Hill Pool c 1900 with Hill Pool House at the rear

The main street (of Chaddesley Corbett) is a treasure of old buildings the oldest of which date from the 15th century. Here you will find a diverse collection of architectural styles in a street Nikolaus Pevsner called 'one of the most attractive in the county.' The name of Tudor House may be slightly amiss but was once a substantial timber house. The rear of the building is much older than the frontage which dates from the mid-18th century. The building, with ogee headings on the gables and Venetian Gothic windows, was probably red brick at some time but stucco has been added since. The Golden Lion at Bromsgrove was of a very similar design. The house was once owned by James Rose who was the architect of the tower and spire of St.Cassians. However, the house has traditionally been the home of the village doctors. It is not clear whether Dr.Thomas Attwood lived here but he certainly once practised in the village. He achieved some notoriety as an occultist and is believed to have treated Dr.Samuel Johnson as a child. On the corner of Fisher's Lane is the old Malt House. Records of this timber-framed building can be traced back to the 16th century. However, it was burned down in the 18th century and had to be rebuilt by Sir Robert Throckmorton. The present shop window dates from around the 1960's but the building has seen many uses over the centuries. For many years it was a malthouse but some of the older villagers have fond memories of it being a cycle shop up until the Second World War. The Old Malthouse has even been used as a youth hostel. The adjacent Georgian house next door was probably built as a result of the fire here but it marked the introduction of classical architecture to this part of the village. You'll notice that the end walls project above the roof line which was a fashion attributed to London building regulations of that period.A little further along the road are Batch Cottages. Nikolaus Pevsner described these as 'the best timber-framed cottages in the street.' The name Batch relates to a stream or valley. It is thought that part of the cottages date from the 16th century. In the early years of the twentieth century they formed seven individual cottages but, although the frontages remain the same, they have now been converted into four houses. Just down the road is the old workhouse of the village. Harkaway House dates from 1795 but was largely rebuilt in the 1960's. It was used as a workhouse until 1838 when it's role was taken by the Union workhouse in Blakebrook, Kidderminster.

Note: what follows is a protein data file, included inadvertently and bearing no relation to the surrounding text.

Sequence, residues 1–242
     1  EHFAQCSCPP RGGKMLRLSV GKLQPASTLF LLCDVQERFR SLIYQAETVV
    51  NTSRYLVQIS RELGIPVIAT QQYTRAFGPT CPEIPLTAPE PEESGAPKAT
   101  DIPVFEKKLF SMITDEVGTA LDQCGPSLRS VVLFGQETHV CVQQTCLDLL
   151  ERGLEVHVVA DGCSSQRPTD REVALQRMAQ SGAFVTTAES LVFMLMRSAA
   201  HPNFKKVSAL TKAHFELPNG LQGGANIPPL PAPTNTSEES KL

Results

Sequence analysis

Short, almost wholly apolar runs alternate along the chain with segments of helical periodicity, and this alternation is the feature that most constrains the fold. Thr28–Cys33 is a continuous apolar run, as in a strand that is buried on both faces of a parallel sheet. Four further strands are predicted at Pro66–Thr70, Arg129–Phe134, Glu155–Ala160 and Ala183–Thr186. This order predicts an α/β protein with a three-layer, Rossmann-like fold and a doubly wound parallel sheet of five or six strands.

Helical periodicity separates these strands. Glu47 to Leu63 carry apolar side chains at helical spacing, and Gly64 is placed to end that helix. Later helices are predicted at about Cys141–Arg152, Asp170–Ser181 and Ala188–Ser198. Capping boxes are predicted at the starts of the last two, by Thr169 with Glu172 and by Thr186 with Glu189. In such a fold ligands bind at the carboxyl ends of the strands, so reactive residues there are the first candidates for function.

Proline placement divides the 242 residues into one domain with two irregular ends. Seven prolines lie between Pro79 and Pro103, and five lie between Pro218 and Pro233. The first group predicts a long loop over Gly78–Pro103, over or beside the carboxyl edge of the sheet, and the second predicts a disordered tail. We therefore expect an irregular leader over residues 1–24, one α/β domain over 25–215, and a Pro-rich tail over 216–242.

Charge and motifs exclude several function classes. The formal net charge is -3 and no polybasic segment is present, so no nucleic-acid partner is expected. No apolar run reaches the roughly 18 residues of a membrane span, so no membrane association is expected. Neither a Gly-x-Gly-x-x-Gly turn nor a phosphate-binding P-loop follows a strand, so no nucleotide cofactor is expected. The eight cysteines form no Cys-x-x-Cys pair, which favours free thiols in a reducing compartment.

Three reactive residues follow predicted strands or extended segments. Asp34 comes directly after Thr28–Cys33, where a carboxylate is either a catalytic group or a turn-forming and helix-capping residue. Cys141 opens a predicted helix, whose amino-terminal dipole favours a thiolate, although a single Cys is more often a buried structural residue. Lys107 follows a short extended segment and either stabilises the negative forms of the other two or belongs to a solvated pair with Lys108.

Much of the detail above comes not only from the web site but also from a first edition book kindly supplied by my sister Jackie Morris. It is called “ Chaddesley Corbett” by “The Stroller” which is taken from a column written firstly in The Worcester Herald and continued in a series of articles in The Berrows Worcester Journal. It was published in 1932 and is signed by the author.